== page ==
Rosacea Awareness Month: New information video


This April marks Rosacea Awareness Month, and to support this, the Irish Skin Foundation (ISF) have launched a new information video resource for people living with this common skin condition. The video resource, presented by Professor Anne – Marie Tobin, Consultant Dermatologist, Tallaght University Hospital, provides information on the causes, symptoms, and treatments available and offers tips on self-management for people living with rosacea.

What is rosacea?

Rosacea is a common, chronic inflammatory skin condition, which mainly affects facial skin and can be recognised by the presence of frequent flushing, persistent redness of central areas of the face, and in some people, acne-like spots, or pimples, and/or visible and dilated blood vessels. This skin condition can occur at any age, but usually occurs in adults older than 30 years.

Other possible symptoms may include, skin dryness, skin thickening or swelling, raised red patches, itchy, stinging, or irritated skin and eye symptoms.

What causes rosacea?

The exact cause of rosacea is yet, unclear, however, a number of theories have been proposed, which include the possible role of genetics, immune system factors, environmental triggers and the Demodex mite*.

In some instances, people with rosacea can have their symptoms by exposure to environmental, physiological, and emotional triggers, resulting in flare-ups.

In some instances, people with rosacea, can have their symptoms provoked or aggravated by exposure to ultraviolet light, high and low temperatures, stress, physical activity, alcohol, smoking, spicy food, and hot drinks.

What can we do?

It is important to visit your GP for an assessment, diagnosis, appropriate advice and treatment or onward referral to a dermatologist if required. Visiting a doctor will provide an impartial opinion about the severity of your symptoms, what kind of skin care/treatment may help you and reassurance about how common rosacea is.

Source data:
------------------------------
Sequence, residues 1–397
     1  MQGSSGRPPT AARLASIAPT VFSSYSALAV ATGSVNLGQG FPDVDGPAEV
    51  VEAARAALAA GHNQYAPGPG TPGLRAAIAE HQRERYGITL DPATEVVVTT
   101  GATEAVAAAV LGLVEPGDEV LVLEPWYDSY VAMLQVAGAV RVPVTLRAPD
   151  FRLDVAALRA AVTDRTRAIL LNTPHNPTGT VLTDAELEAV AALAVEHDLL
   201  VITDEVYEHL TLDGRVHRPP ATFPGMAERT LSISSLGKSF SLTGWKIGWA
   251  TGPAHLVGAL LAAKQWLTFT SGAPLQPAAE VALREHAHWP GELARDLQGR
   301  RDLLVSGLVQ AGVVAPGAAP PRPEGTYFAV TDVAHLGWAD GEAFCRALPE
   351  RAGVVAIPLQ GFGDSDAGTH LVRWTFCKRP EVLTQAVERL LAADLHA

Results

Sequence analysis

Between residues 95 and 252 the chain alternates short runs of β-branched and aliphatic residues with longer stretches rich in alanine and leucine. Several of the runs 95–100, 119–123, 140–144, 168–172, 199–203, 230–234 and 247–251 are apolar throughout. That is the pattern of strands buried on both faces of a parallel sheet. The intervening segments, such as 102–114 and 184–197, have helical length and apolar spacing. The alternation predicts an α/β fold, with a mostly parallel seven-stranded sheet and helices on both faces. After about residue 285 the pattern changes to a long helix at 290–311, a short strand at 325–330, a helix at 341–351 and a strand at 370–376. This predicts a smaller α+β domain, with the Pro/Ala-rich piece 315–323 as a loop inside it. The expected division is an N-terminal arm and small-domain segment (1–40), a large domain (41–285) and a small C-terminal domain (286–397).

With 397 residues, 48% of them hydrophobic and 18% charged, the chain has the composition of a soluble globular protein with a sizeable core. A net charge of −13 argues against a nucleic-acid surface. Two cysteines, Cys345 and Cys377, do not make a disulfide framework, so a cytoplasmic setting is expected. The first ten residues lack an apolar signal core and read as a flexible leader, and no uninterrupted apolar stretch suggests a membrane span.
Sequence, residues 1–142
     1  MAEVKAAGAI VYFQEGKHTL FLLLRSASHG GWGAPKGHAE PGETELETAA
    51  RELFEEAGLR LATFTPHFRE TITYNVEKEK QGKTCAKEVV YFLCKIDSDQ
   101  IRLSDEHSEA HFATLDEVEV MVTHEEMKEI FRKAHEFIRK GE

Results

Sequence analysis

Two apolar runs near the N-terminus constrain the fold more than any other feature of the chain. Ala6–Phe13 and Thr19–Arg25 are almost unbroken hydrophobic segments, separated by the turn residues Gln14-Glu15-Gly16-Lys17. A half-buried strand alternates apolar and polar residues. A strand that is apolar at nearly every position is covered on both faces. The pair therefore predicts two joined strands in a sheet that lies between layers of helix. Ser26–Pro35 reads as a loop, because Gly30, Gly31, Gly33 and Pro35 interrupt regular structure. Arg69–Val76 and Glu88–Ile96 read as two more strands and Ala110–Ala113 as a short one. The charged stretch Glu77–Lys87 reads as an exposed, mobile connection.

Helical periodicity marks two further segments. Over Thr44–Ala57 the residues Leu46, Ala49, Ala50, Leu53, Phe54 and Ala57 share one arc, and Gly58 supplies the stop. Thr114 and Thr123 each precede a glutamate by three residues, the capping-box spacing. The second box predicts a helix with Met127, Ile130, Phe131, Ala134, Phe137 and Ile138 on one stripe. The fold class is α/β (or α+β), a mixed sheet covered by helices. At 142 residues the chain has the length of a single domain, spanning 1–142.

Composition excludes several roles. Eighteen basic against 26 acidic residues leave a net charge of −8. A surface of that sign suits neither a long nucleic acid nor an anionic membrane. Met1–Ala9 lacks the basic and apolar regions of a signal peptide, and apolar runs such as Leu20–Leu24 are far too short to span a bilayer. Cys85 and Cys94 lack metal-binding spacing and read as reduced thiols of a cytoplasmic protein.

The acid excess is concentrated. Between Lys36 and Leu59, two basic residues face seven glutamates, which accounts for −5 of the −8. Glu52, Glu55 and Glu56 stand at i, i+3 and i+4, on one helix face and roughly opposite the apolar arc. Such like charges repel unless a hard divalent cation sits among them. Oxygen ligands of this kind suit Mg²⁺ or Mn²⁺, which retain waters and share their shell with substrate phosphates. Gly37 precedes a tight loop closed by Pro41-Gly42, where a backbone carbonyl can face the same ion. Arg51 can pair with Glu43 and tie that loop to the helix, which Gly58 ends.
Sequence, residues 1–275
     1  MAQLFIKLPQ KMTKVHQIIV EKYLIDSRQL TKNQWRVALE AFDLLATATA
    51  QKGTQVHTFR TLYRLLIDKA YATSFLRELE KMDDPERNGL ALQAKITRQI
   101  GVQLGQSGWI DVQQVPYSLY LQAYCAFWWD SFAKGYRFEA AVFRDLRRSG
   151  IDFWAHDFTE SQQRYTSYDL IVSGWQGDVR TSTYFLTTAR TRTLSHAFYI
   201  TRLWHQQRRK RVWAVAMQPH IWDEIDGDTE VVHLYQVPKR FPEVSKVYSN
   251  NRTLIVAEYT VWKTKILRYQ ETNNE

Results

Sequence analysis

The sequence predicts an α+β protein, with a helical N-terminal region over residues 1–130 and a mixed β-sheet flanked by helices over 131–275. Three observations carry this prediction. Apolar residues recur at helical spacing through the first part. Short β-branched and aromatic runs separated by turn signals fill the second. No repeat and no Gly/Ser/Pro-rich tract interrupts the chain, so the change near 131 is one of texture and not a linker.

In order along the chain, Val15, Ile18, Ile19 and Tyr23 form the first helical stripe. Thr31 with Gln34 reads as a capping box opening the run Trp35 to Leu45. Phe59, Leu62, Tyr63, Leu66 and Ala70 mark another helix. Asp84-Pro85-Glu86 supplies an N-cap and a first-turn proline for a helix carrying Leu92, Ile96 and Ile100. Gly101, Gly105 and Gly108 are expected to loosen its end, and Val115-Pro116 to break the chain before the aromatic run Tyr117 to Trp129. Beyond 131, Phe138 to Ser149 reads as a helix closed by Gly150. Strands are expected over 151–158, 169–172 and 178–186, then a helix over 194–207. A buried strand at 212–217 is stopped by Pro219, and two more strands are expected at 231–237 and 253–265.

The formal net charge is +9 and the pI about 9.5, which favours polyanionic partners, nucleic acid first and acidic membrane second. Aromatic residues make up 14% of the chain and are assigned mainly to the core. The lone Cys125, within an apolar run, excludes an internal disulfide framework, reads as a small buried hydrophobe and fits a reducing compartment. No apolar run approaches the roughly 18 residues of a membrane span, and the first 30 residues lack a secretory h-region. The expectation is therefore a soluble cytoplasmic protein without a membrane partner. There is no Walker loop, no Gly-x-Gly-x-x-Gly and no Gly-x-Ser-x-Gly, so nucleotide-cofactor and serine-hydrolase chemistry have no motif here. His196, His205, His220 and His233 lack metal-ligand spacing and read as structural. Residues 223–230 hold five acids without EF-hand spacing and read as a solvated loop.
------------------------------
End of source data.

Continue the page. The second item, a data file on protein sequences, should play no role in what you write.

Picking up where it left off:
Rosacea: Skin-care tips

Skin care products: Choose products that are mild, non-irritating, fragrance-free and alcohol-free.

Cleanse: Wash facial skin with a gentle cleanser or a soap substitute with lukewarm water and pat skin dry. Avoid vigorous washing and scrubbing as this can irritate the skin.

Moisturise:  Select a moisturiser which is fragrance free and “non-comedogenic” or “oil-free”. Apply moisturiser to facial skin regularly, to help prevent dryness and sensitivity.

UV protection: It has been suggested that ultraviolet rays can trigger a rosacea flare or aggravate symptoms. It is therefore advisable to avoid direct sunlight by seeking shade, wearing a hat with a wide brim, sunglasses, avoiding the mid-day sun and also using a broad-spectrum sunscreen, offering protection from both UVA/UVB, with a minimum SPF 30, before heading outdoors.

Shaving: Electric shavers may be more comfortable for men with rosacea. Avoid any shaving creams or lotions that burn or sting your skin.

Eye care: If your eyes are affected, consult with your doctor. For mild eye symptoms which may include dryness and/or gritty feeling in the eyes, eye care may help in managing these symptoms. These can include gently washing the eyes twice daily with warm water and using artificial tears.


Ireland AM, Virgin Media TV – Consultant Dermatologist, Prof Anne – Marie Tobin and Nicola Warren, who developed rosacea after the birth of her daughter, were on Ireland AM where they discussed the signs, symptoms and triggers for this common skin condition known as ‘The Curse of the Celts’. Watch the full interview

Irish Farmers Journal – Managing rosacea – the ‘curse of the Celts’. Rosacea, the skin condition that affects the face, can impact a person’s confidence but with proper treatment and good management, those unwelcome flare-ups can be reduced, writes Margaret Hawkins. Read article

Learn more on our rosacea information page or contact the ISF Ask-Nurse Helpline.